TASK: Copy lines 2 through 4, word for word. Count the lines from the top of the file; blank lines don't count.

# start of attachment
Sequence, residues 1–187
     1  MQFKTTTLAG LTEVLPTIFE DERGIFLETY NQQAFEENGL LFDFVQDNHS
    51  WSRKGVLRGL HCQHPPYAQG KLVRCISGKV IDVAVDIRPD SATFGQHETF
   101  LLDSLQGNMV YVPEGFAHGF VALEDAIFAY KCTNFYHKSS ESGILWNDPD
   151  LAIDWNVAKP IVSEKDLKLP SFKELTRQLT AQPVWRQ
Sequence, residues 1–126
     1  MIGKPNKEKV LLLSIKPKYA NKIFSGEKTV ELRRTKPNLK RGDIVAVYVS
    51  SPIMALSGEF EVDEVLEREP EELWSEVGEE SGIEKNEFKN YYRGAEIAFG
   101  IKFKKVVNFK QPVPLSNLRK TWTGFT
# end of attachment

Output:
     1  MQFKTTTLAG LTEVLPTIFE DERGIFLETY NQQAFEENGL LFDFVQDNHS
    51  WSRKGVLRGL HCQHPPYAQG KLVRCISGKV IDVAVDIRPD SATFGQHETF
   101  LLDSLQGNMV YVPEGFAHGF VALEDAIFAY KCTNFYHKSS ESGILWNDPD